Mineral Rights Regimes in Canada and the United States

April 25, 2014

Differences in mineral property rights in the United States and Canada yield very different regulatory regimes, says John Dobra, founding director of the Natural Resource Industry Institute.

While Canada and the United States began with similar laws concerning mineral and mining rights, the two countries' legal systems subsequently diverged. Dobra looks at some of the key differences between the two:

  • Mining is much more important to Canada's economy. 2.1 percent of Canada's 15.4 million person workforce is directly employed in mining, while just 0.14 percent of the United States' 155.8 million person labor force is employed in mining jobs.
  • Canadian mineral rights are owned by the provinces. When land is sold or granted to private parties, provinces reserve those minerals. This is not the case in the United States, where mineral rights are privately owned.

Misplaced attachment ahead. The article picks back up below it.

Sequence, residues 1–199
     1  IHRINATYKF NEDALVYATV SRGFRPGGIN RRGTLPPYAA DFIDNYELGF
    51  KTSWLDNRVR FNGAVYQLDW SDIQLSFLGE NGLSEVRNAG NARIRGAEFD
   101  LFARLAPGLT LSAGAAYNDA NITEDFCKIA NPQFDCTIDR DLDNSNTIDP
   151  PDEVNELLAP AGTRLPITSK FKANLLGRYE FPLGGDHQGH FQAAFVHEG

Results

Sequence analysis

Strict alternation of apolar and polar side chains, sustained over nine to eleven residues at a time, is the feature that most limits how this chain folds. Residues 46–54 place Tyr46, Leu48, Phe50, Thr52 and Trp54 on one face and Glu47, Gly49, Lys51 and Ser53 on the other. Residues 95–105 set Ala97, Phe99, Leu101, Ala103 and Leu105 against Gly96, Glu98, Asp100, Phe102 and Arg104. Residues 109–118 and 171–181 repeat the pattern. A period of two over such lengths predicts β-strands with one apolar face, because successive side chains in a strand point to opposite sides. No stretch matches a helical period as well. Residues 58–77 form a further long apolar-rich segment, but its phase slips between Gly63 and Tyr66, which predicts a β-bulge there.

• Canadian provinces receive tax revenue directly from mining development, which gives them an incentive to create a favorable policy environment, unlike the U.S. federal government, which has little incentive to exercise regulatory restraint. Surveys by the Fraser Institute of mining industry managers and executives indicate that this is so, with respondents declaring much higher favorability toward the Canadian regulatory regime than the American one.
  • The strong system of private property rights in the United States, however, means that potential land disputes are less of a deterrent to mining investment in the United States than in Canada.

Surveys also indicated that respondents found U.S. tax policy to be much more hostile to mining investment than Canada's tax system. Dobra encourages American policymakers to look at this issue and harmonize their tax treatment of mining with the Canadian regime.

Source: John Dobra, "Divergent Mineral Rights Regimes A Natural Experiment in Canada and the United States Yields Lessons," Fraser Institute, April 2014.

 

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